I slept well that night, I guess I was wiped out, but when I woke up the next morning everything hit me like a tidal wave. I was totally overwhelmed by shock and fear and being on my own was suddenly terrifying. I suppose I was having a panic attack as I couldn’t breathe, I shook uncontrollably, and I couldn’t stop crying for a good few hours. I’ve since learned that all my reactions were normal, including the terror of being alone. I’m pleased to say that I’m fine on my own again, most of the time, but it took over two months of nightly babysitters to get me here.

24 thoughts on “Tsunami

  1. Sarah you are a fighter, an artist, a mother a pet owner and a lovely person! Keep on doing what you do but make sure you keep fighting with your head held high. I have enormous respect for you and the way you are handleing/coping with what everything. Much love, Sue xxx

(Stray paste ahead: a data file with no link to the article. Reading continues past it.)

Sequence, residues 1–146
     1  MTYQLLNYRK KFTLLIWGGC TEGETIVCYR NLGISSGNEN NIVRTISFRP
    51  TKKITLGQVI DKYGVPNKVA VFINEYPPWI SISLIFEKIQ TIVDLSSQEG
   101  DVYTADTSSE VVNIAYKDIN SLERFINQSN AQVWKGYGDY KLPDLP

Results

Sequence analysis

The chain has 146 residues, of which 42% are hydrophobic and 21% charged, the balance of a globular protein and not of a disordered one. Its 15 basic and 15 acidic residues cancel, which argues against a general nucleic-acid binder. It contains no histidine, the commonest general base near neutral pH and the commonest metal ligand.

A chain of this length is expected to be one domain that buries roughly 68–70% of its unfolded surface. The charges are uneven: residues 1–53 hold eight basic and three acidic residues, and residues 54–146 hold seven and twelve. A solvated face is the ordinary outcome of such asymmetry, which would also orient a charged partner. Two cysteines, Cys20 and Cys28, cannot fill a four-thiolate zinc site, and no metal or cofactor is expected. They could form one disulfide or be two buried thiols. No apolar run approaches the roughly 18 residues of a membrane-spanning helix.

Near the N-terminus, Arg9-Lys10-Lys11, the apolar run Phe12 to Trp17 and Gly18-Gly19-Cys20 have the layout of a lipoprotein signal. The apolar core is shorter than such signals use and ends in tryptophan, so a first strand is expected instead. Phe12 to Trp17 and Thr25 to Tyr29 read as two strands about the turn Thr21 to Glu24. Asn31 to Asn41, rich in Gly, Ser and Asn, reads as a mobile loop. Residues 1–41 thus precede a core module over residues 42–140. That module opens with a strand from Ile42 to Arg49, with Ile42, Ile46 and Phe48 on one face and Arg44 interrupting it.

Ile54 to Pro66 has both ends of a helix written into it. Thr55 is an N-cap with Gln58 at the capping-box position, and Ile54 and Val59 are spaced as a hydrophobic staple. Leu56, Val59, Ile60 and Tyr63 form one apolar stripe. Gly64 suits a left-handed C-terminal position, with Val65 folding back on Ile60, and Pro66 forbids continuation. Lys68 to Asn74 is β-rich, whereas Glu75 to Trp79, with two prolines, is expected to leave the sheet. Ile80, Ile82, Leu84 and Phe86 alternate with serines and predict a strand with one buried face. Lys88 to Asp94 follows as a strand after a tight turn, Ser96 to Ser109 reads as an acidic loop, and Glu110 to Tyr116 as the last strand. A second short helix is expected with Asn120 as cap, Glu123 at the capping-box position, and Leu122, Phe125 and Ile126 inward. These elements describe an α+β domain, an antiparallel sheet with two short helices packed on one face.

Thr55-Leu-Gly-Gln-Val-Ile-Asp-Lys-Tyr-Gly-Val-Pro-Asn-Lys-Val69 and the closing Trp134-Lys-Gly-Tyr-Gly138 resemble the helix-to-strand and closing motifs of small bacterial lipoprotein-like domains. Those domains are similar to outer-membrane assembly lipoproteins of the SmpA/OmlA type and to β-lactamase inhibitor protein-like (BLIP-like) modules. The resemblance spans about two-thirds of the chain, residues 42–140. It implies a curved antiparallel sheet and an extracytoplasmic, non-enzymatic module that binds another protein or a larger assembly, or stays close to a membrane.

Liked by 1 person

  2. I hear your voice saying these words as I read… this is moving stuff and yet your whacky sense of humour is never far off. Your journey – as an artist, as a patient, a mother and friend is a treasure to follow. Keep it going xxxxxxxxxooooooo

    Liked by 1 person

  3. What an incredibly courageous woman you are having the bravery to write such words about your journey. You truly have a gift and are soooo inspirational. Xx much Love Mad Ally xx

    Liked by 1 person

  4. Hi Sarah,
    We don’t know each other and I came across your article via Dom who I used to work with. Just felt compelled to thank you for sharing your experiences. Your strength, fortitude, courage and humour is truly inspirational. I wish you all the luck in the world – be brave and stay strong
    Anne Marie x


  5. Hey Sara
    They say a picture is worth a thousand words well your words paint a thousand pictures! Very moving, bringing a tear to the eye and a chuckle to the lips! Keep on Rockin it! We luv u girl 🕺xx

    Liked by 1 person

Leave a Reply

Fill in your details below or click an icon to log in:

WordPress.com Logo

You are commenting using your WordPress.com account. Log Out /  Change )

Facebook photo

You are commenting using your Facebook account. Log Out /  Change )

Connecting to %s